In the standard view the final sphere pretty much like any other panorama, you'll need to view it in the gallery app's Photo Sphere mode or on Google Plus to appreciate the 'immersive' experience.

However, like many panorama apps, Photo Sphere struggles most with moving subjects and image elements that are placed close to the camera. The rendition of the latter can be improved by rotating the device as much around its center point as possible when capturing the sphere images, without changing its position in space -- this is exactly what a panorama tripod head would do. Few photographers would think about using one of those with a smartphone, but you can definitely improve stitching quality with the right capturing technique.

Stichting errors occur most frequently on objects that are close to the camera.
Like many panorama apps, Photo Sphere struggles with moving subjects in the frame.

Below you can see another sample sphere that was captured in a park, with most objects in the image further away from the phone's lens and no moving subjects. As you can see in the full-size version there are much fewer stitching errors in this sphere than in the one above.

With most image elements at a distance from the lens and no moving subjects, this sample shows fewer stitching errors than the sample above.

Viewing the Photo Sphere

Of course looking at a Photo Sphere with a standard image viewer is only half the fun. Viewed in a dedicated sphere viewer you get the impression of being immersed into the scene and even moving within it. The easiest way to do that is on your phone. If you open a Photo Sphere in the Android 4.2 standard gallery app it is first displayed like any other image, but you can open the Photo Sphere viewer by tapping on the icon and then zoom in and out and 'move' through the scene using the familiar pinch and swipe gestures.

If you open a sphere in the gallery app you have to tap on the sphere symbol at the bottom ...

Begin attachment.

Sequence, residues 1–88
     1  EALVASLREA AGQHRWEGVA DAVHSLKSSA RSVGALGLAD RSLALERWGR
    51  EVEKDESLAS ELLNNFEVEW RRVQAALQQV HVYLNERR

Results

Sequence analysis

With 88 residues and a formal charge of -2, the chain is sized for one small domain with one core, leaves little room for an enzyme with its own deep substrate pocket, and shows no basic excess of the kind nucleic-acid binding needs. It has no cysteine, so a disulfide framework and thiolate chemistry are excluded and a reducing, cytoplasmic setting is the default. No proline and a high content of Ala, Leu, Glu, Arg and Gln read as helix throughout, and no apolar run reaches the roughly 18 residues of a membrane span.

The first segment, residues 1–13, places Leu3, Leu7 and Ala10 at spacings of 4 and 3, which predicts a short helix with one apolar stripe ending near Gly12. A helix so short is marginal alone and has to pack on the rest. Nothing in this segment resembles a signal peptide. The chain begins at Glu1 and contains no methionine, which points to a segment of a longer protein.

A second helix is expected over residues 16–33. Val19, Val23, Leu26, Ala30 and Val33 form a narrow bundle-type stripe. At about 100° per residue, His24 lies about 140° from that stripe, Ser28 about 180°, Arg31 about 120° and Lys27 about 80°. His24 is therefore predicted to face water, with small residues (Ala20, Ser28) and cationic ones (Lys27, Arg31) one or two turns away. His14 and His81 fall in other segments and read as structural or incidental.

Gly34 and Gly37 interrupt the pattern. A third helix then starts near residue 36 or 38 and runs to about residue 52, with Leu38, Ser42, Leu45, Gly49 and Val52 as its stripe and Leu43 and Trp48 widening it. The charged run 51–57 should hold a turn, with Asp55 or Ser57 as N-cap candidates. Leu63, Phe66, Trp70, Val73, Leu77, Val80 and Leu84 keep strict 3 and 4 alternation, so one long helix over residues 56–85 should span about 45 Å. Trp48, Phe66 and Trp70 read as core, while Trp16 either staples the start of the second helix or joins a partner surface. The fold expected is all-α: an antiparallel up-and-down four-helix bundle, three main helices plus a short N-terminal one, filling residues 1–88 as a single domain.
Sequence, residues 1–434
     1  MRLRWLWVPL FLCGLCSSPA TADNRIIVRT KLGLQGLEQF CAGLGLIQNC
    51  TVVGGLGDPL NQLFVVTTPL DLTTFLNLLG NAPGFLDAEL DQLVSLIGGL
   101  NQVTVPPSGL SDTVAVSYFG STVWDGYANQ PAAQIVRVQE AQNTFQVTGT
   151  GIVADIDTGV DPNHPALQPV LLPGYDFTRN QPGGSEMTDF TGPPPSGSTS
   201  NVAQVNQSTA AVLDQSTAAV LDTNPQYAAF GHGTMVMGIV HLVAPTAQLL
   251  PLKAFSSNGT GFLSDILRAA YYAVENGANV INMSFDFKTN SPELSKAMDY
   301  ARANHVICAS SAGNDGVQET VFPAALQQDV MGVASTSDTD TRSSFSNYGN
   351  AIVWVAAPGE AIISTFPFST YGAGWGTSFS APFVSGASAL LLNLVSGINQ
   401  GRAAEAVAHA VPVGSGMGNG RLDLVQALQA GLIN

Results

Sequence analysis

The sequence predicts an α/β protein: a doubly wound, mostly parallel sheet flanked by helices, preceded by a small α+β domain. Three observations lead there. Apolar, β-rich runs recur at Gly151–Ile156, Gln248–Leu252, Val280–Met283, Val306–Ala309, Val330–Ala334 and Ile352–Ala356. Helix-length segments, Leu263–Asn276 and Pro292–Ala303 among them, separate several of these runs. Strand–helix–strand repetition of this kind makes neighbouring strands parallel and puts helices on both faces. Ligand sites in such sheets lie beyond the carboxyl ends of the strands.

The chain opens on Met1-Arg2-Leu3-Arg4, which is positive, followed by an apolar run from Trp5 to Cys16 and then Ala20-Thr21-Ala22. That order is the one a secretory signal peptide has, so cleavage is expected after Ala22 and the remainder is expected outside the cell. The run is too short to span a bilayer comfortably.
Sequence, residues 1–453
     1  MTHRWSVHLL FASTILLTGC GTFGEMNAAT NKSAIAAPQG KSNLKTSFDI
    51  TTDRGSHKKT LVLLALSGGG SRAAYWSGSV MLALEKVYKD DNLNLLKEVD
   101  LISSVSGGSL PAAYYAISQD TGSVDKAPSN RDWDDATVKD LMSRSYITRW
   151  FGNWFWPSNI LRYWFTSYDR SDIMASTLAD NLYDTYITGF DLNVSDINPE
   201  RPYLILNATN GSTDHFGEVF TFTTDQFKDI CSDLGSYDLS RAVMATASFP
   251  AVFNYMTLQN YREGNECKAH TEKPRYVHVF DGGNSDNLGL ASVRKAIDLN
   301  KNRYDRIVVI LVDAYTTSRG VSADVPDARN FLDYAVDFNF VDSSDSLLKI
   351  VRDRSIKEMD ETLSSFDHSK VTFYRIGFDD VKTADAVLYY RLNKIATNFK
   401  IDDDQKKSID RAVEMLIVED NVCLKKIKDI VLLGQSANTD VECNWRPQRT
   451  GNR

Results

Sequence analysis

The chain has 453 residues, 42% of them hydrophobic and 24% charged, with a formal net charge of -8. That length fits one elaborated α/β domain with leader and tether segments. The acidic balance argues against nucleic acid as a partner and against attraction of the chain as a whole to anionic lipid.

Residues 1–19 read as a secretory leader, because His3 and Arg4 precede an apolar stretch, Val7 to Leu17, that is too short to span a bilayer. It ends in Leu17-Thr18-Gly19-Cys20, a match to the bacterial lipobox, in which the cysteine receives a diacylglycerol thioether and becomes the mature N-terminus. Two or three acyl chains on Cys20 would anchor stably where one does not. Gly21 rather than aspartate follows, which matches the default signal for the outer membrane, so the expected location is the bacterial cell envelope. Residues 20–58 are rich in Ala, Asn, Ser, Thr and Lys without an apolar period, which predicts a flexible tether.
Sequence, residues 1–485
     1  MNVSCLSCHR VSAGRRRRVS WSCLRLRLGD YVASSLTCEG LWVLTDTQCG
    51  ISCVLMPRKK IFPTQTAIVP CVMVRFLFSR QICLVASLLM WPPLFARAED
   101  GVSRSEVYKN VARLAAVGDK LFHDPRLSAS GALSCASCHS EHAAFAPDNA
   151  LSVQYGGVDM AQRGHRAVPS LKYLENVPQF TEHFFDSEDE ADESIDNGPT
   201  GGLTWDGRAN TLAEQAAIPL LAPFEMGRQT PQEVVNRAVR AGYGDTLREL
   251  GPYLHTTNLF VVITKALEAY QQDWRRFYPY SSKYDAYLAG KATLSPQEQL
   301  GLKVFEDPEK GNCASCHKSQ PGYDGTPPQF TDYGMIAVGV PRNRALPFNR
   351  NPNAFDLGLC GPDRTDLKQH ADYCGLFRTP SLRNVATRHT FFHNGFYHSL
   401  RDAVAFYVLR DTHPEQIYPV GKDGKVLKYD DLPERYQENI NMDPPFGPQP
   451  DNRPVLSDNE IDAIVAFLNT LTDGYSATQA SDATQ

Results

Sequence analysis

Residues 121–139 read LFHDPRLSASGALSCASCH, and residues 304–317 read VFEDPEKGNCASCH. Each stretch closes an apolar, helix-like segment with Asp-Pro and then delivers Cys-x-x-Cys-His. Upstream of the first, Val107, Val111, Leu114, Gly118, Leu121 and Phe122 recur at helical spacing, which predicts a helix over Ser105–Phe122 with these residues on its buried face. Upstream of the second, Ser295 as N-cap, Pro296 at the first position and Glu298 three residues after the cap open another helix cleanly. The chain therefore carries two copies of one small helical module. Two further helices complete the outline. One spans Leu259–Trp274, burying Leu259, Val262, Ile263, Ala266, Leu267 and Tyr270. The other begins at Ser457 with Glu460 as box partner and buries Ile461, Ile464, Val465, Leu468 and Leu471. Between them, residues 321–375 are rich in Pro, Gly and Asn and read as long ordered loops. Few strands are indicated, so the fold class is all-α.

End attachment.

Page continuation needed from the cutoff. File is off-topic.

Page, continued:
and then you can view it in 'sphere mode' to get the full effect of your Photo Sphere.

When viewing a sphere in the Android gallery app you've also got the option to convert it into a 'Tiny Planet' image. When doing this you can adjust the zoom factor and apply the usual editing functions: filters, borders, cropping and tonal corrections. The Tiny Planet function is only available if you have captured an entire sphere. If you had your GPS swtitched on while capturing the sphere you can share it on Google Maps, too.

You can convert your sphere into a 'Tiny Planet' image in the gallery app.

The easiest way to view your Photo Spheres on a computer is to upload them to your Google+ account. Click here and here to see our two samples from above on Google+. When viewing the latter, you'll also see that I missed one row of blue dots when capturing the sphere which results in the sphere not being 360° rotatable. This can actually happen quite easily, so make sure you've covered all blue dots in the capturing process before you hit the shutter button to render the sphere.

The new Android Photo Sphere feature is definitely fun to use and is a different way of capturing a scene, giving you an almost three-dimensional viewing experience. With Android 4.2 released just last week it'll take a while before Photo Sphere will arrive on most Android devices, but if you don't want to wait there are a number of third party 360° panorama apps available in the Google Play store, such as  360 Panorama or Photo 360° by Sfera

Click here to discuss this app in our Android forum